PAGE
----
#WorldAIDSDay: Here Are 7 Tips For Coping With HIV

 Human Immunodeficiency Virus (HIV/AIDS), an infection that affects and weakens the immune system still continues to spread all over the world.

It appears almost like a life sentence when diagnosed with it, however, it doesn’t mean the end of the world.

With the right treatment and care, you can expect to live as long as someone who doesn’t have HIV as a lot of healthy-looking people are living with the virus.

As World AIDS Day is celebrated today, December 1, here are tips on how to stay healthy with the HIV virus.

1. Start your antiretroviral treatment

As soon as you have been diagnosed with HIV/AIDS, you need to start your antiretroviral treatment in order to boost your immune system.

Although not a cure for HIV, it does keep the virus under control.

Once you start treatment, the key to staying well is to make sure that you take it regularly as prescribed – which usually means every day at the same time. Skipping doses, or taking it at different times each day, will stop it from protecting your immune system.

2. Practise safe sex

Understand how the virus is transmitted to reduce the risk of infecting others. Use condoms not only to avoid the spread of HIV but also to protect both you and your partner against other sexually transmitted diseases (STDs) and other types of infections.

If you have another STD, also known as sexually transmitted infections, or STIs, you may be more likely to transmit both HIV and your other STD to someone else. STDs can also worsen HIV and make the disease progress more rapidly. And HIV can make STDs more difficult to treat, so you’ll want to address an STD as soon as possible.

3. Reduce your risk of getting other illnesses

Since HIV makes your immune system less effective, you become more susceptible to every virus, bacteria, and germ you’re exposed to. Wash your hands frequently, and stay away from sick people to stay as healthy as possible. Also, stay up-to-date on all of your vaccinations to reduce your risk of preventable illnesses.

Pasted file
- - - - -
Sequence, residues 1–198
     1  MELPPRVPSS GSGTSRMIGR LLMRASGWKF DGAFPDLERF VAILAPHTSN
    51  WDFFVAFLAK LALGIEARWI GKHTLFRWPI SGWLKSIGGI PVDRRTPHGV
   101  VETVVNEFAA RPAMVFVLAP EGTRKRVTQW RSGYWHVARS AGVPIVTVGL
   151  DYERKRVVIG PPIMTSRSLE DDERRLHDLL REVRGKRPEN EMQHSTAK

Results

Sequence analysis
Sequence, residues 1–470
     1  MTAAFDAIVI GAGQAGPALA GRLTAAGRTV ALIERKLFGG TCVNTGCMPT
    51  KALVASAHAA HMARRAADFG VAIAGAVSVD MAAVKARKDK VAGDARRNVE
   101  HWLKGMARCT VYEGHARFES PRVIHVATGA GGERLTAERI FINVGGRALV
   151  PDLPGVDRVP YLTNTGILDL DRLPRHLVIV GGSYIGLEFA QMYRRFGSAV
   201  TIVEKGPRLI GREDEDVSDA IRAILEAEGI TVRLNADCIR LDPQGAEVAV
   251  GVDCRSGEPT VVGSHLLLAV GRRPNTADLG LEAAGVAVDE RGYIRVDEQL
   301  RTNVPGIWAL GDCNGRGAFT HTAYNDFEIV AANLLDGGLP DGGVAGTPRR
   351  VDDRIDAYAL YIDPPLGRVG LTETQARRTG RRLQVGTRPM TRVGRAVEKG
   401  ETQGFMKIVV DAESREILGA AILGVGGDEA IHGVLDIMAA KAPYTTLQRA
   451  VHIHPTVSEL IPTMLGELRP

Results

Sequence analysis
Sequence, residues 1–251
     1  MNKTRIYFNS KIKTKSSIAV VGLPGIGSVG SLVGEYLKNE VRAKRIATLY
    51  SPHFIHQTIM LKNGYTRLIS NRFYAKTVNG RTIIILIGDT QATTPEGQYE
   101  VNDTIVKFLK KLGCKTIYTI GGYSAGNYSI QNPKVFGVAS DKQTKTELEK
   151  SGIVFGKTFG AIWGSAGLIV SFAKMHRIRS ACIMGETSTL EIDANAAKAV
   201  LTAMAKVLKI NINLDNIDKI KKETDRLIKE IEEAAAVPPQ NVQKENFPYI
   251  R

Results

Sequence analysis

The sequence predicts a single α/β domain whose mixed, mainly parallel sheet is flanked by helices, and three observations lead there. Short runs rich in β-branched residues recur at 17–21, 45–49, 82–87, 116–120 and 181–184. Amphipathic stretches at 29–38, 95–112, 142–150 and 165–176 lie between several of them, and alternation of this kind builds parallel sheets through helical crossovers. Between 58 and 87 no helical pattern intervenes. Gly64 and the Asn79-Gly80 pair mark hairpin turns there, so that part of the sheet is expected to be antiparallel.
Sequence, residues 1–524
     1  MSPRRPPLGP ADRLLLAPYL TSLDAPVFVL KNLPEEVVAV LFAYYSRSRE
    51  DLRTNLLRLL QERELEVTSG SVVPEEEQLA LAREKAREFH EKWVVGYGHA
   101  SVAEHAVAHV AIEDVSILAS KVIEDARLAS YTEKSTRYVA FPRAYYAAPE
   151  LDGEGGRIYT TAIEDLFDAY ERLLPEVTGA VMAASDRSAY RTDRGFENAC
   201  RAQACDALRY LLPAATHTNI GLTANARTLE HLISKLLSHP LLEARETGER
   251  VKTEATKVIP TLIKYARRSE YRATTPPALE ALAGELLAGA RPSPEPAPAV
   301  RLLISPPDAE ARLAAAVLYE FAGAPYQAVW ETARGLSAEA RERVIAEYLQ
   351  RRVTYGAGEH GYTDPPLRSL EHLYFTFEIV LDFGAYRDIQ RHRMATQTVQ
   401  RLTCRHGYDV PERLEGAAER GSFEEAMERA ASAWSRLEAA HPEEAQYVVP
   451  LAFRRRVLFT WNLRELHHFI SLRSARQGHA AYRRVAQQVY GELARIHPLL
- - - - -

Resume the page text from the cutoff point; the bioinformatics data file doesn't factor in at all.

4. Eat a healthy diet

Your diet is not something you should joke about at this time. Eat a balanced diet and more vegetables and fruits.

Reduce your sugar, fat, and salt intake as much as possible.

5. Engage in activities or hobbies that will relieve your stress

Being active is a part of maintaining your health for everyone – it builds muscle, keeps your bones strong, your heart healthy and burns fat.

Physical and mental exercise can keep your mind and body strong. Regular physical exercise, such as walking, biking, running, swimming, or another activity you enjoy, keeps you physically fit and can keep both stress and depression in check. Mental exercise doing a daily crossword puzzle or playing brain-challenging games —can help maintain your cognitive health. Exercise your memory, concentration, and attention, all of which can be affected by HIV.

6.Quit smoking and alcohol

If you are living with HIV, there are specific risks associated with alcohol and recreational drug use that you should be aware of. Alcohol can damage the liver which the body uses to process anti-HIV drugs, so it is good to keep your alcohol consumption within the recommended limits. Heavy drinking and smoking can also weaken your immune system, making it harder for your body to recover from infections.

7. Join a support group

Your mental state is just as important as your health. Finding out you have HIV can be a shock, and it may take you some time to adjust. Talking to your friends and family, and other people living with HIV can really help when things get difficult.

There are many kinds of support groups that provide a place where you can talk about your feelings, help others, and get the latest information about HIV. Check with your health care provider for a listing of local support groups.

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